Economic uncertainty has many of us digging out the financial fine-tooth comb to search for savings. Where you might not have thought to look is in that fat open-enrollment package that's landing in employee mailboxes around Minnesota.

A survey released this week by Aetna and the Financial Planning Association found that 59 percent of respondents plan to spend less than one hour -- or no time at all -- reviewing their health benefits options during open enrollment.

That would be a mistake, especially as more companies are adopting high-deductible health care plans -- an option that will save some employees money and cost others plenty. Read more about the survey at

For those of us used to the familiar copay structure, these new health plans are tough to figure out. A rule of thumb is that high-deductible plans are generally a good deal for people with low expenditures as well as those with expenditures that exceed the out-of-pocket maximum. Fortunately, most companies offer modeling tools that help you to decide which plan best fits your needs. Or try the health-care cost calculator

Human resources consulting firm Hewitt Associates recently estimated that workers will spend $3,826 on health insurance and out-of-pocket costs in 2009 -- up 8 percent from 2008. Mark Bilderback, group and health care office practice leader for Watson Wyatt in Minneapolis, says we need to train ourselves to think about how to save money on medicine the same way we try to save money at the grocery store. "Know your plan, know what it can do, and capitalize on it," he said.

Smarter shopping

In addition to picking the right insurance, experts say to reduce your health spending by using generic drugs and trying a mail-order service -- two tips you can use year-round, not just during open enrollment.

Some companies are also offering wellness incentives for heading to the gym, taking a smoking-cessation class, or filling out a health assessment form, the idea being that healthy behaviors reduce health care costs. Incentives take the form of premium reductions, an employer credit into a health savings account, or even cutting an employee a check, said Shawn Patterson, Blue Cross & Blue Shield of Minnesota marketing vice president.

Then there are the tax-advantaged benefits that will help you save for health care, child care, retirement and even commuting costs by setting pretax money aside from your paycheck. That reduces the amount of your pay that's subject to income tax, meaning more money in your pocket.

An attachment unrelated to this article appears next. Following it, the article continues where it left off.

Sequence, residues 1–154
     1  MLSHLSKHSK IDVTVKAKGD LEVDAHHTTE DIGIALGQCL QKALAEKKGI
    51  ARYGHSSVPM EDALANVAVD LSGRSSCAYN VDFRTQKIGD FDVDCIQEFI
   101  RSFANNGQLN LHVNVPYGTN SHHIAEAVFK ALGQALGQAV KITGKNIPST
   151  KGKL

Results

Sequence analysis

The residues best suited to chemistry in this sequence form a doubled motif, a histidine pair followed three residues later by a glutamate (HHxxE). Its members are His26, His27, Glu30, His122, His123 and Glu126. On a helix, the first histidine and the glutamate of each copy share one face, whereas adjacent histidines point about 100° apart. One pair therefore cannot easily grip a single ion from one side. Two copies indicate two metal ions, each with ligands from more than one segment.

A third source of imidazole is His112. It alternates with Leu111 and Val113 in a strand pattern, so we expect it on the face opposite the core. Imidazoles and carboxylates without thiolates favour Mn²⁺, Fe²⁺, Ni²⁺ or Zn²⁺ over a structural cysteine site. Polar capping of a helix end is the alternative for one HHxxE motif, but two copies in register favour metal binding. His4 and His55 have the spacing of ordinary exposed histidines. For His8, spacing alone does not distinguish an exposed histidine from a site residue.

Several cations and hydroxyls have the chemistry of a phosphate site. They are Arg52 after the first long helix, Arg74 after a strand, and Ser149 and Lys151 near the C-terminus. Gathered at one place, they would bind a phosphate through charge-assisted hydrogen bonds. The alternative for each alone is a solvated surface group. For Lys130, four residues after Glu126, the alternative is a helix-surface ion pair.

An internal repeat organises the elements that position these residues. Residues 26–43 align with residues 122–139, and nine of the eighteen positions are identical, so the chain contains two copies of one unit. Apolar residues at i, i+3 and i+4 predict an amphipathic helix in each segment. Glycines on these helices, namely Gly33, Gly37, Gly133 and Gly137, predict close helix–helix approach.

Health care flexible spending accounts (FSAs) can be used to pay for many health care costs, including over-the-counter drugs. But just one in four workers offered an FSA takes advantage of it, Patterson said. He suspects that's because if you don't use the money in a given year, you lose it. If you're in that camp, why not calculate your expected costs and set money aside for just those? And for those who tried an FSA in the past and were buried in paperwork, many companies have streamlined the process with health spending debit cards or online filing, so give it another try.

Dependent care accounts for working families with small children or dependent adults such as elderly parents who need daytime care work similarly. Chances are your costs will far exceed the $5,000 maximum, but any savings count. Check with your employer or read IRS publication 503 to see what kind of care qualifies. They'll have details about any tax-advantaged retirement plans and transportation accounts as well.

Finally, did you know that you may have a benefit that will not only help you understand your benefits, but also will counsel you on financial and mental health issues, review your will and help you find child care as well? More than two-thirds of employers offer such employee assistance plans (EAPs) at no cost to workers with no signup required.

"EAPs are one of the most underutilized benefits out there," said Watson Wyatt's Bilderback. Use the EAP to address issues you might take to a mental health professional, and you will likely save yourself some out-of-pocket medical costs, he said.

Call volume is up at Bloomington-based Ceridian LifeWorks because of stress brought on by debt, foreclosure and other financial concerns. Employers offer EAPs to increase productivity and reduce absences. "If we can help them get through [their issues], then they don't have to worry about it on the job," said LifeWorks Service Delivery Manager Brian Kadlec.

Because Ceridian considers the current financial crisis to be as stress-inducing as a natural disaster, it is offering free public access to Web chats and other tools relating to money at

Did you find ways to improve your financial health during open en- rollment? Tell Kara McGuire at 612-673-7293 or